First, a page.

Thursday, August 28, 2008


Excuse me, Boomsa. I am missing you. Come back.
Okay, bye.

Monday, August 18, 2008

Carrying on a tag's legacy

Found this tag on Good Gawde's page.

1) Look at the list and mark in orange those you have read.

2) Italicize those you intend to read.

3) Mark in a bright green, the books you really love

4) Reprint this list in your own blog.


1 Pride and Prejudice - Jane Austen

2 The Lord of the Rings - JRR Tolkien

3 Jane Eyre - Charlotte Bronte

4 Harry Potter series - JK Rowling

5 To Kill a Mockingbird - Harper Lee

6 The Bible/ The Bhagavad Gita As It Is

7 Wuthering Heights - Emily Bronte

8 Nineteen Eighty Four - George Orwell

9 His Dark Materials - Philip Pullman

10 Great Expectations - Charles Dickens

11 Little Women - Louisa M Alcott

12 Tess of the D'Urbervilles - Thomas Hardy

13 Catch 22 - Joseph Heller

14 Complete Works of Shakespeare

15 Rebecca - Daphne Du Maurier

16 The Hobbit - JRR Tolkien

17 Birdsong - Sebastian Faulks

18 Catcher in the Rye - JD Salinger

19 The Time Traveller's Wife - Audrey Niffenegger

20 Middlemarch - George Eliot

21 Gone With The Wind - Margaret Mitchell

22 The Great Gatsby - F Scott Fitzgerald

23 Bleak House - Charles Dickens

24 War and Peace - Leo Tolstoy

25 The Hitch Hiker's Guide to the Galaxy - Douglas Adams

26 Brideshead Revisited - Evelyn Waugh

27 Crime and Punishment - Fyodor Dostoyevsky

28 Grapes of Wrath - John Steinbeck

29 Alice in Wonderland - Lewis Carroll

30 The Wind in the Willows - Kenneth Grahame

31 Anna Karenina - Leo Tolstoy

32 David Copperfield - Charles Dickens

33 Chronicles of Narnia - CS Lewis

34 Emma - Jane Austen

35 Persuasion - Jane Austen

36 The Lion, The Witch and The Wardrobe - CS Lewis

37 The Kite Runner - Khaled Hosseini

38 Captain Corelli's Mandolin - Louis De Bernieres

39 Memoirs of a Geisha - Arthur Golden

40 Winnie the Pooh - AA Milne

41 Animal Farm - George Orwell

42 The Da Vinci Code - Dan Brown

43 One Hundred Years of Solitude - Gabriel Garcia Marquez

44 A Prayer for Owen Meaney - John Irving

45 The Woman in White - Wilkie Collins

46 Anne of Green Gables - LM Montgomery

47 Far From The Madding Crowd - Thomas Hardy

48 The Handmaid's Tale - Margaret Atwood

49 Lord of the Flies - William Golding

50 Atonement - Ian McEwan

51 Life of Pi - Yann Martel

52 Dune - Frank Herbert

53 Cold Comfort Farm - Stella Gibbons

54 Sense and Sensibility - Jane Austen

55 A Suitable Boy - Vikram Seth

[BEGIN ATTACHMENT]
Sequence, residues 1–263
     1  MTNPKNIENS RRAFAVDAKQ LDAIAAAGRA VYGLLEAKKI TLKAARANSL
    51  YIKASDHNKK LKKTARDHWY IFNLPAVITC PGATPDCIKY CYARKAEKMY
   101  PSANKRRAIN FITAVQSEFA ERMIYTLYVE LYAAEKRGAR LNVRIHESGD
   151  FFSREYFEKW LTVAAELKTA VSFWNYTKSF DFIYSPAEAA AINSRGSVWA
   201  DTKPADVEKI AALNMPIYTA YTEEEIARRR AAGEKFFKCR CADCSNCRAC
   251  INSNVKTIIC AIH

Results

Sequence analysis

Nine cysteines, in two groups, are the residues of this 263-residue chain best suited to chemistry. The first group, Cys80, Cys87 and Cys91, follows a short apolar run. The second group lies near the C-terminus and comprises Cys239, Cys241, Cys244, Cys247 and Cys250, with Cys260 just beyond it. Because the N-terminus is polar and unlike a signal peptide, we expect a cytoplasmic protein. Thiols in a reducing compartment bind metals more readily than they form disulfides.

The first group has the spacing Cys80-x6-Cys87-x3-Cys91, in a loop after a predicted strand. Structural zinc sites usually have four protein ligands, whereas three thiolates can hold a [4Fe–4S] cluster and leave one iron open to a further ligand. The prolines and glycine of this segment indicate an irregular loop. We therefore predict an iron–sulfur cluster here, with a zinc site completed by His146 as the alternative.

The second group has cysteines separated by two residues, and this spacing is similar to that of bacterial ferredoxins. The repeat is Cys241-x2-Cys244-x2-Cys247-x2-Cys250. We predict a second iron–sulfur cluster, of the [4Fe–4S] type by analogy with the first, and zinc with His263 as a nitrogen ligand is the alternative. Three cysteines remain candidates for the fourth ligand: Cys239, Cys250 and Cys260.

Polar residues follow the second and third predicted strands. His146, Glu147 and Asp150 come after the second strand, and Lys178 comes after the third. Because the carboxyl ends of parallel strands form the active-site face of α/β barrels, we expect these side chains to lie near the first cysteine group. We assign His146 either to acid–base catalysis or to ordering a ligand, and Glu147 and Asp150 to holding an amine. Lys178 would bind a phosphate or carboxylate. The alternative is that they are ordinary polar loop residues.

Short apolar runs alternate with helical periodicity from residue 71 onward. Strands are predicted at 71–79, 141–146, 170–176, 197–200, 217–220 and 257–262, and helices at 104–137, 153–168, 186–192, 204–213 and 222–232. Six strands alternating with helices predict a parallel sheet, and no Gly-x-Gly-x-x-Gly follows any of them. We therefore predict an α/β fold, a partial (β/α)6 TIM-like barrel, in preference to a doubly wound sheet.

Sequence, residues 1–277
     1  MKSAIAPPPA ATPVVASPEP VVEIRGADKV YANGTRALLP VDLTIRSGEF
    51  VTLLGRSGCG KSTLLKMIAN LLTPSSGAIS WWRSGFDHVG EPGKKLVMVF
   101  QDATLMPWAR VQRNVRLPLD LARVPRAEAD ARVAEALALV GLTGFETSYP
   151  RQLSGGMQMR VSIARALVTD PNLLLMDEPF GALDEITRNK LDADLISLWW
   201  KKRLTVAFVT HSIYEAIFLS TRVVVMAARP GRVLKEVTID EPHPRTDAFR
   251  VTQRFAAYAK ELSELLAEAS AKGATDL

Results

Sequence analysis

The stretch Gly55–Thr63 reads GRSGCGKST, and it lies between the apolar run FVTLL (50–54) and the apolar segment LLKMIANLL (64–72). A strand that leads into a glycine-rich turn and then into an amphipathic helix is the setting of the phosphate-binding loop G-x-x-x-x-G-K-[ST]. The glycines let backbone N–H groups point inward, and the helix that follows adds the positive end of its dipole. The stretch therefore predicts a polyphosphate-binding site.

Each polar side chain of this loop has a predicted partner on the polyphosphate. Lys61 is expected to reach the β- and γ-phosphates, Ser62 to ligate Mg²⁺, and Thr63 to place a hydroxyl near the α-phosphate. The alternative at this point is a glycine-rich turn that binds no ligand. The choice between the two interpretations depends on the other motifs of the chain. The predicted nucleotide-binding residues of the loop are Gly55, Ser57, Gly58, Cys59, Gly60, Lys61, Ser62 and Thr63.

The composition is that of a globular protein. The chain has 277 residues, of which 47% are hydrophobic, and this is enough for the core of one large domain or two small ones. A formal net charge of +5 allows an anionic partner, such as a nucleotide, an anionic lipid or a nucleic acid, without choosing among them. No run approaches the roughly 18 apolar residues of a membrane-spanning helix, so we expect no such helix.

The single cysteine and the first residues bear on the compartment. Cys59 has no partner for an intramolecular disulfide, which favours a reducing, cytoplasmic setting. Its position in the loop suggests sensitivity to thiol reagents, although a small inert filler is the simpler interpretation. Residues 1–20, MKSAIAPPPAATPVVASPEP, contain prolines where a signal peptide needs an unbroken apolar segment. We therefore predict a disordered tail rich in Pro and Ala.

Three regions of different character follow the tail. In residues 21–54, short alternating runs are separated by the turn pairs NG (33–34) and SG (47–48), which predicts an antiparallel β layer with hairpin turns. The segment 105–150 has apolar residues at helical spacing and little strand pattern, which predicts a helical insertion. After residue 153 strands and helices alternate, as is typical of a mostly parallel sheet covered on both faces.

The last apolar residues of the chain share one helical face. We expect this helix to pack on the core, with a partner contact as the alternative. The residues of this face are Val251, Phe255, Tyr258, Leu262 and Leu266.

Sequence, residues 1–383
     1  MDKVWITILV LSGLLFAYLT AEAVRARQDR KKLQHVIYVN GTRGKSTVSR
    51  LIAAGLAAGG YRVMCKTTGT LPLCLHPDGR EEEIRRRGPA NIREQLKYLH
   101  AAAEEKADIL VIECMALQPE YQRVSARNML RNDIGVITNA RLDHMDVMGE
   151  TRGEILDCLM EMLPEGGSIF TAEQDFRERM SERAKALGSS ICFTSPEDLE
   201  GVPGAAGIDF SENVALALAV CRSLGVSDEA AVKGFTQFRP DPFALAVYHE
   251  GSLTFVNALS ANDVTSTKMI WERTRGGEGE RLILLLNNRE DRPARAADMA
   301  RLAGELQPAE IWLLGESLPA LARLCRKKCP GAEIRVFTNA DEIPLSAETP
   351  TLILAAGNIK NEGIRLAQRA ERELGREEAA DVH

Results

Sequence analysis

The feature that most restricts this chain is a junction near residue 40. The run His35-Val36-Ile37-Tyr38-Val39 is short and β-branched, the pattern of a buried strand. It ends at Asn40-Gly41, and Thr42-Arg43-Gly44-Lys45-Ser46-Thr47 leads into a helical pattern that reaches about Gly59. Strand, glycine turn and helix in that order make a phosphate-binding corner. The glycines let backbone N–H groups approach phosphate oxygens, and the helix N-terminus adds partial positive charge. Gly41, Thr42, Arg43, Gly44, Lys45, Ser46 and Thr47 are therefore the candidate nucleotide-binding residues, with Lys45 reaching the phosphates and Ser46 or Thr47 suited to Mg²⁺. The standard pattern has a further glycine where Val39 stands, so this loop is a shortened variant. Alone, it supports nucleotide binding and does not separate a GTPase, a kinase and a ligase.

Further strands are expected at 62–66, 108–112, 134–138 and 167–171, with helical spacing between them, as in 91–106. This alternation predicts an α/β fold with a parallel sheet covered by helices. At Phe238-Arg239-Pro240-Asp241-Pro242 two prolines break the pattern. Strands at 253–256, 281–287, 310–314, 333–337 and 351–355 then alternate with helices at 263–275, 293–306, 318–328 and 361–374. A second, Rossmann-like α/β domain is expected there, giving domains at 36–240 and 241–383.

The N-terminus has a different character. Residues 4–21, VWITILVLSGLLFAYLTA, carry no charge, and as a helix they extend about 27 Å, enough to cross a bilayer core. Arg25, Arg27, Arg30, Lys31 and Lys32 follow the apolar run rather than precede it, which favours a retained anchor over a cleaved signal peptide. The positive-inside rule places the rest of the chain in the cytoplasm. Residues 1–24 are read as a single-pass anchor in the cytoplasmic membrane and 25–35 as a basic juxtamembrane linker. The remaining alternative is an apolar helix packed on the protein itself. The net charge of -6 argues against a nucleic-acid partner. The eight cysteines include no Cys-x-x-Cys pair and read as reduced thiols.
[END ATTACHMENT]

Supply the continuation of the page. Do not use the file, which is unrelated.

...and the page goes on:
56 The Shadow of the Wind - Carlos Ruiz Zafon

57 A Tale Of Two Cities - Charles Dickens

58 Brave New World - Aldous Huxley

59 The Curious Incident of the Dog in the Night-time - Mark Haddon

60 Love In The Time Of Cholera - Gabriel Garcia Marquez

61 Of Mice and Men - John Steinbeck

62 Lolita - Vladimir Nabokov

63 The Secret History - Donna Tartt

64 The Lovely Bones - Alice Sebold

65 Count of Monte Cristo - Alexandre Dumas

66 On The Road - Jack Kerouac

67 Jude the Obscure - Thomas Hardy

68 Bridget Jones's Diary - Helen Fielding

69 Midnight’s Children – Salman Rushdie

70 Moby Dick - Herman Melville

71 Oliver Twist - Charles Dickens

72 Dracula - Bram Stoker

73 The Secret Garden - Frances Hodgson Burnett

74 Notes From A Small Island - Bill Bryson

75 Ulysses - James Joyce

76 The Bell Jar - Sylvia Plath

77 Swallows and Amazons - Arthur Ransome

78 Germinal - Emile Zola

79 Vanity Fair - William Makepeace Thackeray

80 Possession - AS Byatt

81 A Christmas Carol - Charles Dickens

82 Cloud Atlas - David Mitchell

83 The Color Purple - Alice Walker

84 The Remains of the Day - Kazuo Ishiguro

85 Madame Bovary - Gustave Flaubert

86 A Fine Balance - Rohinton Mistry

87 Charlotte's Web - EB White

88 The Five People You Meet In Heaven - Mitch Albom

89 Adventures of Sherlock Holmes - Sir Arthur Conan Doyle

90 The Faraway Tree Collection - Enid Blyton

91 Heart of Darkness - Joseph Conrad

92 The Little Prince - Antoine De Saint-Exupery

93 The Wasp Factory - Iain Banks

94 Watership Down - Richard Adams

95 A Confederacy of Dunces - John Kennedy Toole

96 A Town Like Alice - Nevil Shute

97 The Three Musketeers - Alexandre Dumas

98 Hamlet - William Shakespeare

99 Charlie and the Chocolate Factory - Roald Dahl

100 Les Miserables - Victor Hugo

Be afraid.... Be very afraid.

Of this young lad's dangerously low riding swimming shorts, I mean.
Half the time I'm watching the swimming, I'm praying feverishly that his modesty remain intact. Sheeeesh. But, what a champion. *polite applause*

Best part was after his eight-for-eight golds, he said, "I kind of just want to see my mom." Hyaahahahaaa. That's sort of sweet.

Tuesday, August 12, 2008


Was reminded today by Pinkah about this insanely funny cow video, and how we had enjoyed it back in 2005, at DigiCaptions.